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Q&A What are the security or privacy implications of browser clipboard events?

It's hard to comment definitively on this because both attack vectors and countermeasures evolve rapidly. My guess would be that Firefox would not allow tab X to see that you copied something on t...

posted 3mo ago by matthewsnyder‭  ·  edited 3mo ago by matthewsnyder‭

Answer
#2: Post edited by user avatar matthewsnyder‭ · 2024-03-03T17:06:17Z (3 months ago)
  • It's hard to comment definitively on this because both attack vectors and countermeasures evolve rapidly.
  • My guess would be that Firefox would not allow tab X to see that you copied something on tab Y. It's a DOM method so presumably it is specific to that page. This would also be the only logical design: Many pages let you copy some secret, and letting tabs see each other's clipboard events would completely break the security of that. For example, sites which generate an API token and make you copy it. It would also potentially create a vulnerability for people who use password managers.
  • With things like frames and other ways of embedding cross-site content, there might be an exploit depending on how exactly those are handled by that particular version of that browser. But this also seems like an obvious thing that is probably already secured by FF devs, or will be soon.
  • I think the biggest impact `dom.event.clipboardevents.enabled` is that some idiot webmasters use it to block copy/paste to stop you from "stealing their content" or force you to type fields in sign up forms instead of pasting. Disabling this seems like a neat way to prevent some of this monkey business. I notice that when people do this, they usually hook into the clipboard copy/paste event with JS on the input.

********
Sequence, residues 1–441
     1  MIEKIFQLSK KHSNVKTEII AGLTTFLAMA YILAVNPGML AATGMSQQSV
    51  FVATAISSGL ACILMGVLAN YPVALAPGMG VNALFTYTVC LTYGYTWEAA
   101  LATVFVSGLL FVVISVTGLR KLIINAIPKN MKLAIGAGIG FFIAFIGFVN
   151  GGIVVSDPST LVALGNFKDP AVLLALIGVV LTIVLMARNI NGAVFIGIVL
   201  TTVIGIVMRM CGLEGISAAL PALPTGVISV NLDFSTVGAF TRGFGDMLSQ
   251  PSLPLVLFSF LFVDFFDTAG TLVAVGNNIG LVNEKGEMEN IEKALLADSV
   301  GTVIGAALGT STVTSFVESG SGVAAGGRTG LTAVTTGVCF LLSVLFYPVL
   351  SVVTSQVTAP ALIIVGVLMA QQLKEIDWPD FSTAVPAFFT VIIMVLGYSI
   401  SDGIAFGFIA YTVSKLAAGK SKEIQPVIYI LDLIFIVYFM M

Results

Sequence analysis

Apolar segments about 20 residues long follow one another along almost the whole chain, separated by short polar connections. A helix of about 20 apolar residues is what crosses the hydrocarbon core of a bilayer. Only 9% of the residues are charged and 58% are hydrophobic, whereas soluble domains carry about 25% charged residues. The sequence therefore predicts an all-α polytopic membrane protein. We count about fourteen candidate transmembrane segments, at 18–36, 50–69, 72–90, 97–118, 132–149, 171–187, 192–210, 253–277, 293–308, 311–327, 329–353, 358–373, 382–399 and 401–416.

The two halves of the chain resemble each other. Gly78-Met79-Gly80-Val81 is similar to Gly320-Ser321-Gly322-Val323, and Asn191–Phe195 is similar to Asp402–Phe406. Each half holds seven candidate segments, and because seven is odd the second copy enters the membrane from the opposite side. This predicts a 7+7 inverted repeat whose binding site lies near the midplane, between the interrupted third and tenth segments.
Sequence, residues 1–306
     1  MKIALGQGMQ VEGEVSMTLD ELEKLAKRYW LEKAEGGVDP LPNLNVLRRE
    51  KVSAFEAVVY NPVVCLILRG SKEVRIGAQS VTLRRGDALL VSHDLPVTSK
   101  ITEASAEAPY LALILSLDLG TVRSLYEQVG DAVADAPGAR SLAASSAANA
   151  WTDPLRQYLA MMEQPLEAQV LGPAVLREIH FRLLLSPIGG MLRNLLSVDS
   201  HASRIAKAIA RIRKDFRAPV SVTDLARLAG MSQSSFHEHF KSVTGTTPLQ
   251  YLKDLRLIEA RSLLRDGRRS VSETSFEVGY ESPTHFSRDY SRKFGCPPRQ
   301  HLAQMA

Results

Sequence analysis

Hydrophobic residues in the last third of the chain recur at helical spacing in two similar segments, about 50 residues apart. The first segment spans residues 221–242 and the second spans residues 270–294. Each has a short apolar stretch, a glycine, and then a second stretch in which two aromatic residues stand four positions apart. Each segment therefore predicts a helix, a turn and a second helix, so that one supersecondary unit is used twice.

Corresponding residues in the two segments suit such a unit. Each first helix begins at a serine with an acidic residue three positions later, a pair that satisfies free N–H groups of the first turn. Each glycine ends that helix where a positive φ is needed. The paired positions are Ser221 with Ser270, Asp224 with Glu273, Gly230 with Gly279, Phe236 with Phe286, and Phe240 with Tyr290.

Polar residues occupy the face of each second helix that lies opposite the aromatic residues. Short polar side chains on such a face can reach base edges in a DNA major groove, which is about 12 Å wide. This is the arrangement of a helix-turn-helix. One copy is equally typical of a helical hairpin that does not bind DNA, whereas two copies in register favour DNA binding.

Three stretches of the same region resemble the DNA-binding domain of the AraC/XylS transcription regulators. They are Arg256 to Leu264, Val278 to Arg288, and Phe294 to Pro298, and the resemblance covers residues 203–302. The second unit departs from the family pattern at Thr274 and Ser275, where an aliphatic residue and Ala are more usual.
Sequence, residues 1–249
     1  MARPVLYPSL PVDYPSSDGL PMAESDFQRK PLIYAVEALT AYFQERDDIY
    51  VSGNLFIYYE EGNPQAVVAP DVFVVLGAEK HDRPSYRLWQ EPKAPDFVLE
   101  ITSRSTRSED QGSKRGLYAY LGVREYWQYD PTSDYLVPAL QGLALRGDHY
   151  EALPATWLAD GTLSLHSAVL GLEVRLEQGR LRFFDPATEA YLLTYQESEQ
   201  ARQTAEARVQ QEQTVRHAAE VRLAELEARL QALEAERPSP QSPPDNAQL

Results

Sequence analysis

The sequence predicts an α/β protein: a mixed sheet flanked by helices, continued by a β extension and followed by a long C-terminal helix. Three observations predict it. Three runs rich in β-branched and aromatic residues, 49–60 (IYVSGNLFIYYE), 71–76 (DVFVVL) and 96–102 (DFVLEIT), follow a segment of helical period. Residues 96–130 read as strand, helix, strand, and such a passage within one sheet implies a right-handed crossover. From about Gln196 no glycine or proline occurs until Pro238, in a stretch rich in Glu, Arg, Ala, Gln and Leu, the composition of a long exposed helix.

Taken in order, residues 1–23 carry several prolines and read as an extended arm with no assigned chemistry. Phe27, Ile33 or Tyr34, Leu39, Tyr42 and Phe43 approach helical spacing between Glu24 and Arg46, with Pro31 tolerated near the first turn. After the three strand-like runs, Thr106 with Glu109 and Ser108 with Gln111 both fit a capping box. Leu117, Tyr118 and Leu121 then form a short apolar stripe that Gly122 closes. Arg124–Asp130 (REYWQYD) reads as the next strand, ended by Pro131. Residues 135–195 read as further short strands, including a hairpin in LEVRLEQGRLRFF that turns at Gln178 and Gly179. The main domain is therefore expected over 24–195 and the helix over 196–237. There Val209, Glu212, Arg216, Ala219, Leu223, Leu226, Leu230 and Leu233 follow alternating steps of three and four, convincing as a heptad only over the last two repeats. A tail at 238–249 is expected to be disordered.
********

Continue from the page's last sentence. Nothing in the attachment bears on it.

• For some reason, many webdevs have some obsession with reimplementing basic things like HTML elements. For example, instead of using `<input type="text">` that is already natively supported by the browser and has correct integration with the OS, they will reimplement their own JS text box with JS events watching key presses, rendering, etc. This happens more in bloated, large companies so I theorize that the webdevs are doing make works to keep their manager from realizing they don't need to pay that many developers because there isn't that much coding to do. They probably justify it by pointing to some tiny customization that `input` doesn't support (often with good reason, sometimes it actually does support it but the people involved don't realize or are pretending not to), but their reimplementation does (at the cost of much greater maintenance burden and everything else being much worse). I can see how the scope of this reinvention of the wheel will sometimes encompass the clipboard as well, and it's not outside the question that their reimplemented input element won't fail gracefully without clipboard access. So I can see how over time, you will run into some websites that are developed in so exquisitely incompetent a way that their inputs become unusable when you disable the clipboard events. It is up to you if you want to boycott these sites, use a second browser for them, switch the settings on temporarily, or keep it on.